CS 453 Programming Assignment #2 — MiniJava and MIPS warmup

Due Wednesday February 17th (by 11:59pm)

Introduction

In this assignment you will be writing some MIPS functions so as to learn the stackframe layout we are using and to write some of the MIPS functions that will be in the MiniJava run-time library. Also you will be writing MiniJava programs and the corresponding MIPS assembly programs. This introduces you to the source and target languages for the MiniJava compiler. It also provides an opportunity for you to create a couple of MiniJava test cases.

The Assignment

Your MiniJava compiler will be generating MIPS assembly language, specifically you will be generating MIPS code that is compatible with the MARS simulator (http://courses.missouristate.edu/KenVollmar/MARS/).

For this assignment, you need to implement the following functions in MIPS:

The MIPS functions will be called by the driver stackframe-testdriver.s (see stackframe-testdriver.c for an approximate C version). For grading we will use our own version of stackframe-testdriver.s, so do not modify the one given to "make things work". Put each MIPS implementation in a file named after the function, but remove the underscore. For example, _printint will be implemented in printint.s. We will be calling your routines by concatenating your .s files with stackframe-testdriver.s and then interpreting the full file in MARS.

We will be using the same stack frame layout as is used in the Patt and Patel book from CS 270. The calling convention is summarized in the stack frame example given to help with HW1, and we will be covering the calling convention in class.

You also need to implement the following programs in MiniJava and in MIPS. When running the MiniJava program using javac and java, you should get the same results as running the MIPS program through MARS. These programs are so simple that we will be looking at the code to makes sure the actual computation is being done.

When writing the MiniJava program make sure to only use Java language features that are in the MiniJava grammar. You can test this by grabbing a copy of the MJ.jar from ~cs453/public and executing the following:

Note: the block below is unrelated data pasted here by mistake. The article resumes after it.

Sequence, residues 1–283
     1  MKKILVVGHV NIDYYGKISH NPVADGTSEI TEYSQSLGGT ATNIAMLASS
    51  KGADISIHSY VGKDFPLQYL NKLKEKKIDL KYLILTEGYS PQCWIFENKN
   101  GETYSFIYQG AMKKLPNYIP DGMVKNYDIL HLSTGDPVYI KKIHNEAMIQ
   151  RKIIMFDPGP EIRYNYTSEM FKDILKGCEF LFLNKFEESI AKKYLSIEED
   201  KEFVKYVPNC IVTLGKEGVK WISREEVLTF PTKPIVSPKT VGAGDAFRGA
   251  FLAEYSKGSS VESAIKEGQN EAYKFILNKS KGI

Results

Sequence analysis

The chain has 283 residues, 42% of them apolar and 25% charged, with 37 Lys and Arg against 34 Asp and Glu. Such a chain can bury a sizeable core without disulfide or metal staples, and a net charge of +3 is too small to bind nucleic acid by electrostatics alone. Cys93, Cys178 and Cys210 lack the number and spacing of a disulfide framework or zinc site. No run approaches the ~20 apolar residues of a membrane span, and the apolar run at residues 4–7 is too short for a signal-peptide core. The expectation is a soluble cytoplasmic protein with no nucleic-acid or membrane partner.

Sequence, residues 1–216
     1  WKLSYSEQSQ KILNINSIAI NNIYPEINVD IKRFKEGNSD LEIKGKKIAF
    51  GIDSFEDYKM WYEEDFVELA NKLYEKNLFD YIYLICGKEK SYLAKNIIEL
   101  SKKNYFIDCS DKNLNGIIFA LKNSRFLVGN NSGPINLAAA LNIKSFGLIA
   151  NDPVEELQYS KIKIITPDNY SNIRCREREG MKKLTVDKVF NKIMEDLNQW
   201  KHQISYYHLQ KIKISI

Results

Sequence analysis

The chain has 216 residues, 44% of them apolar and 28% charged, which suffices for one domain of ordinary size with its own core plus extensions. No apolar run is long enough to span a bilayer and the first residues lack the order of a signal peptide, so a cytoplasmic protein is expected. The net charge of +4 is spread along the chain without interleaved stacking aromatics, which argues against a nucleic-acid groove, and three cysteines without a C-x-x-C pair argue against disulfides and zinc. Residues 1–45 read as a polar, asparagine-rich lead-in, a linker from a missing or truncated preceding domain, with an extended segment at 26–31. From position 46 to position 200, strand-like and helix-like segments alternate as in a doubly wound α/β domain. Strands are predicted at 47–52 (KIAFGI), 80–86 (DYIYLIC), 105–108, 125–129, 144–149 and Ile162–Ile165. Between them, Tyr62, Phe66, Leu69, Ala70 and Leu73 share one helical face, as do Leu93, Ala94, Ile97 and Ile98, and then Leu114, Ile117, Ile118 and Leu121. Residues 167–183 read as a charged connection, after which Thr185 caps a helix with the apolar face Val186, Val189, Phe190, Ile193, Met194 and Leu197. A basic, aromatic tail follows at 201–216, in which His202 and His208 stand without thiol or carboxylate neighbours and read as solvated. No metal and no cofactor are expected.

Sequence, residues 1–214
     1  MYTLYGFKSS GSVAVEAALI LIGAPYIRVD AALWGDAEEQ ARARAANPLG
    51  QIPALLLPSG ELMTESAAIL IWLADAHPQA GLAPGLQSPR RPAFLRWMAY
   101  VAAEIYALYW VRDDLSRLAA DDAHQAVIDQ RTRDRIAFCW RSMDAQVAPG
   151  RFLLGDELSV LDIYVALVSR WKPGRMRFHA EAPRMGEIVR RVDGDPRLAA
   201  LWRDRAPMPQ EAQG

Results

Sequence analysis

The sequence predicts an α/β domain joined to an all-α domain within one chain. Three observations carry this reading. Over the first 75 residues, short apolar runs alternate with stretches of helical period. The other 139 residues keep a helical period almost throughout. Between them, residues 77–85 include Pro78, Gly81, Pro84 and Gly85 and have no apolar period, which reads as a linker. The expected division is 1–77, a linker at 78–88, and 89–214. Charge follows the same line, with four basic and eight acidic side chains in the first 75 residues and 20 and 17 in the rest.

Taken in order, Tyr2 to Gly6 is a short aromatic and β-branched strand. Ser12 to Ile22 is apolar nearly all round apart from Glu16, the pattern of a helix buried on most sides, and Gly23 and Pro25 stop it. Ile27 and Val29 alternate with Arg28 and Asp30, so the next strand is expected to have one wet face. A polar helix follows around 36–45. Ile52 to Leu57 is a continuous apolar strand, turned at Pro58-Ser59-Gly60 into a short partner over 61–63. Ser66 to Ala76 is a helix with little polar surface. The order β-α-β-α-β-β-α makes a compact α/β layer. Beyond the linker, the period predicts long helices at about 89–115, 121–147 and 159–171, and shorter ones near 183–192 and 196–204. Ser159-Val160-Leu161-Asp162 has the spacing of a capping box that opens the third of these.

% java -jar MJ.jar Program.java
The MJ generates a bunch of files (Program.java.*). Check them out if you would like, but they are irrelevant for this assignment. If you run into problems, look at the MiniJava grammar and determine whether the program you wrote can be generated by that grammar.

Getting Started

To get started, put the following MIPS program into a file called helloworld.s, download a copy of the Mars.jar file from http://courses.missouristate.edu/KenVollmar/MARS/, and run helloworld.s through MARS by typing "java -jar Mars.jar helloworld.s" on any CS linux machine.
## helloworld.s
    .text
    .globl main
main:
    # There is no need to store $ra and $fp
    # in main for MARS because execution always
    # starts at the top of the input .s file
    # and $ra and $fp always have initial 
    # values of 0.
            
            
    # print Hello World!

    # The number put into $v0 selects MARS syscall.
    # A parameter to a system call should be passed in $a0.
    li      $v0, 4
    la      $a0, hello_world
    syscall



exit_main:
    # HALT the MARS simulation.
    li      $v0, 10
    syscall

        .data
hello_world:    .asciiz "Hello World!\n"

Also make sure to check out the MARS IDE by typing "java -jar Mars.jar". Some other examples to look at include sum5.s and readprint.s. sum5.s requires that you concatenate your implementation for _printint before running it.

    % cat sum5.s printint.s > sum5_all.s
    % java -jar Mars.jar sum5_all.s

Read the Appendix A: Assemblers, Linkers, and the SPIM Simulator from the third edition of Hennessy and Patterson, Computer Organization and Design: The Hardware/Software Interface for a description of various MIPS instructions and read the online syscalls notes for how to use MARS system calls.

Submitting the Assignment

Late Policy

Late assignments will be accepted up to 24 hours past the due date and time for a deduction of 20% and will not accepted past this period. Late means anything after 11:59pm on the day the assignment is due, including 12 midnight.


mstrout@cs.colostate.edu .... February 6, 2010